David Bourget (Western Ontario)
David Chalmers (ANU, NYU)
Rafael De Clercq
Jack Alan Reynolds
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International Studies in the Philosophy of Science 14 (2):165 – 185 (2000)
One of the principal objections to a tensed or dynamic theory of time is the ancient puzzle about the extent of the present. Three alternative conceptions of the extent of the present are considered: an instantaneous present, an atomic present, and a non-metrical present. The first conception is difficult to reconcile with the objectivity of temporal becoming posited by a dynamic theory of time. The second conception solves that problem, but only at the expense of making change discontinuous. The third conception is the most plausible: that "the present" is a non-metrical notion which must be completed by the mention of some event or interval in order to have a measure, in which case what is present varies with one's context.
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References found in this work BETA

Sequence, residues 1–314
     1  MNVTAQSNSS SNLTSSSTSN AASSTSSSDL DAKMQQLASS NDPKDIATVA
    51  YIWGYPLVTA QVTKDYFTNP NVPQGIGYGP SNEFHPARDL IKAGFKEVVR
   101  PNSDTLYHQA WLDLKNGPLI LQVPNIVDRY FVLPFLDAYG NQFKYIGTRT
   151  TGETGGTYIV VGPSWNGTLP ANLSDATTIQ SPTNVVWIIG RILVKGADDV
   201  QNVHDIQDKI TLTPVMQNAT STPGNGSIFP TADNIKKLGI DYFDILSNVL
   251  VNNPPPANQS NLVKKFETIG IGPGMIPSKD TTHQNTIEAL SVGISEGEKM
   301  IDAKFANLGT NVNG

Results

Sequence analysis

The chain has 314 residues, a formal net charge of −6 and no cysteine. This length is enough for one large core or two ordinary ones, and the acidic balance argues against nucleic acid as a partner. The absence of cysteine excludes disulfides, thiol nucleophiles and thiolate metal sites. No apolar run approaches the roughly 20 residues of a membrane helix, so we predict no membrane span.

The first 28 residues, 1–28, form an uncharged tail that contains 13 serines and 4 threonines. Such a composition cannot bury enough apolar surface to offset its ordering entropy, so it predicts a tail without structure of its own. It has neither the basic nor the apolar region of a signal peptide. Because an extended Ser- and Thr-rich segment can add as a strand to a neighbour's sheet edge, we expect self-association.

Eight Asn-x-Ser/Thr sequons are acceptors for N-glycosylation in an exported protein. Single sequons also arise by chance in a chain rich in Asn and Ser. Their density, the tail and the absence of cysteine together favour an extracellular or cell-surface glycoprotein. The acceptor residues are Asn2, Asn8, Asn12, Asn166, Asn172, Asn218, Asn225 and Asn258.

A. N. Prior (2003). Papers on Time and Tense. Oxford University Press.
Aristotle (1984). The Complete Works of Aristotle: The Revised Oxford Translation. Princeton University Press.
D. H. Mellor (1981). Real Time. Cambridge University Press.
Donald C. Williams (1951). The Myth of Passage. Journal of Philosophy 48 (15):457-472.
Citations of this work BETA
Sam Baron (2012). Presentism and Causation Revisited. Philosophical Papers 41 (1):1-21.
L. Nathan Oaklander (2002). Presentism, Ontology and Temporal Experience. Royal Institute of Philosophy Supplement 50:73-.
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